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Not to be confused with Getae.
The Current Stage setup for major getai events C:2014
The Current Stage setup for major getai events C:2015
Introduction of LED Panels let the audience know who is this singer is
Getais are popular among residents in Singapore, as they are held only occasionally.

A getai (literally song stage) (Simplified Chinese: 歌台), is a usually boisterous live stage performance held during the Ghost Festival commonly held in Singapore, Malaysia and some parts of Indonesia (mainly in Riau Islands), in contrast to the generally solemn mood of the festival. However the performance is also routinely played at other Chinese festivals. The stage setup is usually composed of temporary structures and situated in the suburbs of the city in any empty field or even in parking spaces or housing estate.

In the past, performances were usually of Chinese operas or puppet shows. The performances are meant to be for the spirits but also for people during the seventh month. With the decline of Chinese opera and traditional puppet shows, the performances evolved to become what is known today as Getai.

Younger people in Singapore may relate to Getai as kitsch, while older people enjoy dancing and singing along to familiar songs, often in Hokkien.[1] Traditional singers such as Liu Lingling tend to dress conservatively, while young performers drawn to getai may choose more revealing outfits.[2]

The backdrop of the stage is usually made of cardboard and clothes painted in bright colours, vibrantly illuminated by coloured spotlights. The performers normally don loud and glittery clothing.[1] Some compères[clarification needed] indulge in crude humour; others maintain a quick-witted dialogue, joking about local and current affairs, sometimes switching between Mandarin, local Chinese dialects, and even English and Indian languages.

Getai has been increasingly accepted and celebrated by the mainstream media. Royston Tan's 2007 movie 881 is based on a pair of getai singers. The Straits Times's social networking and citizen journalism portal STOMP holds the Getai Awards annually to honour popular getai artists.[3] These artists are selected via voting by the general public.

Getai in 2006


Getai emerged in Singapore in the years of Japanese occupation in the 1940s.[4] An early getai was built in Weiyang Gong in the New World Amusement Park, however it was bombed by the Japanese and a new stage Gongkai Tai was built. The early getai performed mostly songs, later dancing, drama and acrobatics were added by performers from gewutuan (歌舞团 or song-and-dance troupes) which by that time had began to decline in popularity. Getai became increasing popular, and by the 1950s, there were 4 getai stages in the New World,[5] and many other getai were also set up in other amusement parks.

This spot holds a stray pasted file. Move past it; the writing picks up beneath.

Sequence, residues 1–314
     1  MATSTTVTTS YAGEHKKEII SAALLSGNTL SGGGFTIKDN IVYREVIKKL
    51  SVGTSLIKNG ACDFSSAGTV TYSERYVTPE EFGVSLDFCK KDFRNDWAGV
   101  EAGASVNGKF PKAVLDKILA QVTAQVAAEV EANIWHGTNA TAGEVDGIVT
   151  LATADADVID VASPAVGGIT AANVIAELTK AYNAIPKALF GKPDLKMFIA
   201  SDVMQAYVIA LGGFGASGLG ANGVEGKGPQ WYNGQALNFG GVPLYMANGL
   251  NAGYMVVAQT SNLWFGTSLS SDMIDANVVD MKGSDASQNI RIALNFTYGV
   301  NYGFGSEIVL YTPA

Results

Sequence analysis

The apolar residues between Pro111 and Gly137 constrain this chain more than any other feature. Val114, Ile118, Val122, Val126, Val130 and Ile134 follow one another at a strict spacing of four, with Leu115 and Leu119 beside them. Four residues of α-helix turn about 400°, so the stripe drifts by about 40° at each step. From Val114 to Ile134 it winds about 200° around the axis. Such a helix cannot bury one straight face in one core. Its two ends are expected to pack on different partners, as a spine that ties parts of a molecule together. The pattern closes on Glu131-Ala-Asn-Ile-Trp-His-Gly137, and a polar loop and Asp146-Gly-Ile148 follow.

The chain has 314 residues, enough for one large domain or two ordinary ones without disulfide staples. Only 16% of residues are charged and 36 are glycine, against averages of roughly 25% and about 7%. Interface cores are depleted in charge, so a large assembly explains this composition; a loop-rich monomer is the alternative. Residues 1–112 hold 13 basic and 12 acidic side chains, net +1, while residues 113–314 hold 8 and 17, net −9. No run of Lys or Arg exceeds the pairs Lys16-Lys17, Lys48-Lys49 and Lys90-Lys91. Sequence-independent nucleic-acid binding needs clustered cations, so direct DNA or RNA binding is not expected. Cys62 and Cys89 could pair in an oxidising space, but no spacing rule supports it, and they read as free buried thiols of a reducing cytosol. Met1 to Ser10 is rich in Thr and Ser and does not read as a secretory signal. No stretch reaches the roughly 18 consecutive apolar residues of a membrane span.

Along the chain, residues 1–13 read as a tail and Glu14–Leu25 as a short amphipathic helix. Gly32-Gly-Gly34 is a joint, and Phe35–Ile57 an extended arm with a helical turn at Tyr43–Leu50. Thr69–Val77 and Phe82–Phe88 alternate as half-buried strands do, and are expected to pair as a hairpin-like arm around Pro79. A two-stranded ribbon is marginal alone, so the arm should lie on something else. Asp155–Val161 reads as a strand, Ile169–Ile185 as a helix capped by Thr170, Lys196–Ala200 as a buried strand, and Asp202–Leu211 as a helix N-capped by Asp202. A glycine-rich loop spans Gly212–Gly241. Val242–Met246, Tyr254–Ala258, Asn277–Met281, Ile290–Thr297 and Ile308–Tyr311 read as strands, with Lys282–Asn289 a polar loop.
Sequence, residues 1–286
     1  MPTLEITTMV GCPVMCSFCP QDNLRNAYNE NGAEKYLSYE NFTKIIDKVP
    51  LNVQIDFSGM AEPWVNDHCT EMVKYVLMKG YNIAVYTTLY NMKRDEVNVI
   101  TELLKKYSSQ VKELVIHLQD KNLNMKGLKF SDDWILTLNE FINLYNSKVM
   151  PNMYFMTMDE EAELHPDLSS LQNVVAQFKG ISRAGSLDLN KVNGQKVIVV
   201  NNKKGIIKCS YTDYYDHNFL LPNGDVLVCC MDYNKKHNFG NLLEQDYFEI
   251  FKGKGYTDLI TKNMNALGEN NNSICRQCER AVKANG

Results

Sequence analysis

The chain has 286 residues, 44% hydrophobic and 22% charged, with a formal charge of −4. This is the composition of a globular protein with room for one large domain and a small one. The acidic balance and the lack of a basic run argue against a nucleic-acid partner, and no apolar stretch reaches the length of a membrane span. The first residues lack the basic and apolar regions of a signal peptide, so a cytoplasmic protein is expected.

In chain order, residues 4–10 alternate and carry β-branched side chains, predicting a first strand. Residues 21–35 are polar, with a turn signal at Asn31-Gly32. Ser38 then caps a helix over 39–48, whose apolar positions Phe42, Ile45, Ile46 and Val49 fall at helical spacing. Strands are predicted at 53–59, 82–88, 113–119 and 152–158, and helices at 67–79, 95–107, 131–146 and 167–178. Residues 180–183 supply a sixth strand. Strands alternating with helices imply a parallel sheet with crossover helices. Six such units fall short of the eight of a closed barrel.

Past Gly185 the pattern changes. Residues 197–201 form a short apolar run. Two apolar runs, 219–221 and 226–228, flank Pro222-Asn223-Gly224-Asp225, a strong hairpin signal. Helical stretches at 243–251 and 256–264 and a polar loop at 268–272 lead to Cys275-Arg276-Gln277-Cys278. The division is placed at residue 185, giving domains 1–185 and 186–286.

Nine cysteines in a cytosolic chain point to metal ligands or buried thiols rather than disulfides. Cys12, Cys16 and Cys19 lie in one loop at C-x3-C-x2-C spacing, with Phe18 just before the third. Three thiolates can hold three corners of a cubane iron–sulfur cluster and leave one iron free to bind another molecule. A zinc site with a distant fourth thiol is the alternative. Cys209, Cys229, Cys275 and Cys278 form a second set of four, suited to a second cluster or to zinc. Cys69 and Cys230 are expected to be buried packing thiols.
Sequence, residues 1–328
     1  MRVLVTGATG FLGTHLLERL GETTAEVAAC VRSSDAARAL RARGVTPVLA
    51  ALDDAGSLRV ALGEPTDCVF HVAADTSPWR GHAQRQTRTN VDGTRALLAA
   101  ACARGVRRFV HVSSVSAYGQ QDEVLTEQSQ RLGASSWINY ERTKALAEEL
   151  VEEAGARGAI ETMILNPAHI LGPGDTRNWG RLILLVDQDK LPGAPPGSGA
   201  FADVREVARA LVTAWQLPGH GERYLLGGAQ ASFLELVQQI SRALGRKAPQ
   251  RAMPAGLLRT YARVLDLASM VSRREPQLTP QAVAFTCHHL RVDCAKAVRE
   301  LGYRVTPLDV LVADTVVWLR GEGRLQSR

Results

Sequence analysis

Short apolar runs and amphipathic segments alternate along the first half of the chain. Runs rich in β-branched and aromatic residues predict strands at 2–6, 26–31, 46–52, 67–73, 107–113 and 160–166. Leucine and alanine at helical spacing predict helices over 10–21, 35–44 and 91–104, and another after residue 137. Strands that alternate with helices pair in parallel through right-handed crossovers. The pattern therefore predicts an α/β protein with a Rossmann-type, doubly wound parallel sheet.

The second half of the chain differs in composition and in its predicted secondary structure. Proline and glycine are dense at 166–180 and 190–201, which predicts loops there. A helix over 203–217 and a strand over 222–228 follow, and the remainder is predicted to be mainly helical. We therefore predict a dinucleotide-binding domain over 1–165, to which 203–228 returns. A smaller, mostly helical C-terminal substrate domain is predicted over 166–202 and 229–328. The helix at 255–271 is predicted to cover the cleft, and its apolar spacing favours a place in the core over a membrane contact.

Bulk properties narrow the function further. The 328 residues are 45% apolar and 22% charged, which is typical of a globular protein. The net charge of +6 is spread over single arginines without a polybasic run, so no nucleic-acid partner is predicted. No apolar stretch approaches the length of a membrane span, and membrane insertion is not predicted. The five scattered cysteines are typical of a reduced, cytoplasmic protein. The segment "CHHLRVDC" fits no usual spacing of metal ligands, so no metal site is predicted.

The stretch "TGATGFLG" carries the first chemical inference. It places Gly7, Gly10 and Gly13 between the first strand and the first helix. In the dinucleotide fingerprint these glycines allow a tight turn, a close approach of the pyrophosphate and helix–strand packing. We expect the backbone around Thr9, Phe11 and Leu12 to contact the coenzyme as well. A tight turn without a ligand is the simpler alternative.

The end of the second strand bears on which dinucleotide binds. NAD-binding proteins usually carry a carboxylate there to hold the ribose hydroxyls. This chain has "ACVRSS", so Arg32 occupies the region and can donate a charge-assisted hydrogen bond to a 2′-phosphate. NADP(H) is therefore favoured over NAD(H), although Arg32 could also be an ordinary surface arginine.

Getai in amusement parks declined in popularity in the late 1950s and began to be closed in the 1960s. It had however become established by the 1970s as popular entertainment on make-shift stages set-up along streets and in other public spaces during Ghost Festival.[6] In more recent years, getai has also been organized for other Chinese festivals, such as the Mid-Autumn Festival. Resorts World Sentosa's casino included getai in its 2010 Chinese New Year celebrations.[7] Loyang Tua Pek Kong Temple arranged getai for the 2010 Mid-Autumn celebrations.

A groundbreaking getai was held in 2006. This was a twelve-hour marathon getai that saw many famous performers gracing the stage and bringing the crowd to their feet. The organiser was Peter Loh, a veteran in the getai scene. The marathon was a one-of-a-kind and it really awed the whole of Singapore.[citation needed] 2011 is another millstone when getai held at Orchard Road for the first time. And the stage design and sound system have major changes thought the years.

In 2015 Singapore Mediacorp Channel 8 held an competition for getai singers called Getai Challenge (歌台星力量)GETAI CHALLENGE 歌台星力量


A Copyright Permit (for Ad-Hoc Events) is needed for public performances, like getai. This can be acquired from COMPASS - Composers and Authors Society of Singapore Ltd.[8]

Popular Getai singers/hosts[edit]

  • Chen Jinlang
  • Zhong Yaonan
  • Amelia Lin
  • Liu Lingling (刘玲玲)
  • Lee Pei Fen(李佩芬)
  • Hao Hao (皓皓)
  • Chen Xiao Xin (陈晓欣)
  • Mai Hui (麦卉)
  • Lin Li (林利)
  • Marcus Chin (陈建彬)[9]
  • Wang Lei (王雷)[1]
    Wang Lei
  • Zhuang Qing Yu(庄清玉)
  • Lin Ru Ping (林茹萍)
  • Zheng Xiao Hui (郑晓慧)
  • Ming Zhu Sisters (明珠姐妹)
  • Xu Qiong Fang (许琼芳)
  • Wu Pei Zhi (吴佩芝)
  • The Babes (宝贝姐妹)
  • Liz Low (刘丽芝)
  • Jessica Tan (陈诗婷)
  • Alice Ong (王文玲)
  • Huang Yi Wen (黄怡雯)
  • Samurai
  • Desmond Ng (黄振隆)
  • Lee Bao En (李宝恩)
  • Sherraine Law (罗翊绮)
  • 2Z Sisters (2Z姐妹)
  • Xie Wei Na (谢伟娜)
  • ChengZe.XiuPing (承泽 秀萍)


  1. ^ a b c Foreigners invade getai, The Straits Times, Aug 23, 2009
  2. ^ Getai: Sexy, not sleazy, The New Paper, July 7, 2009.
  3. ^ "STOMP honours getai artists". The Straits Times. July 15, 2010.
  4. ^ Chan Kwok-bun and Yun Sai-shing (2014). Kwok-Bun Chan, ed. Chinese Entertainment. Routledge. p. 24. ISBN 9781317977995. 
  5. ^ Chan Kwok-bun and Yun Sai-shing (2014). Kwok-Bun Chan, ed. Chinese Entertainment. Routledge. p. 26. ISBN 9781317977995. 
  6. ^ "Getai". Singapore infopedia. 
  7. ^ "Getai not pantang". The New Paper. AsiaOne. March 1, 2010. Archived from the original on May 5, 2010. Retrieved 2010-10-10. 
  8. ^ Intellectual Property Office of Singapore. "Collective Management Organisations". July 12, 2010.
  9. ^

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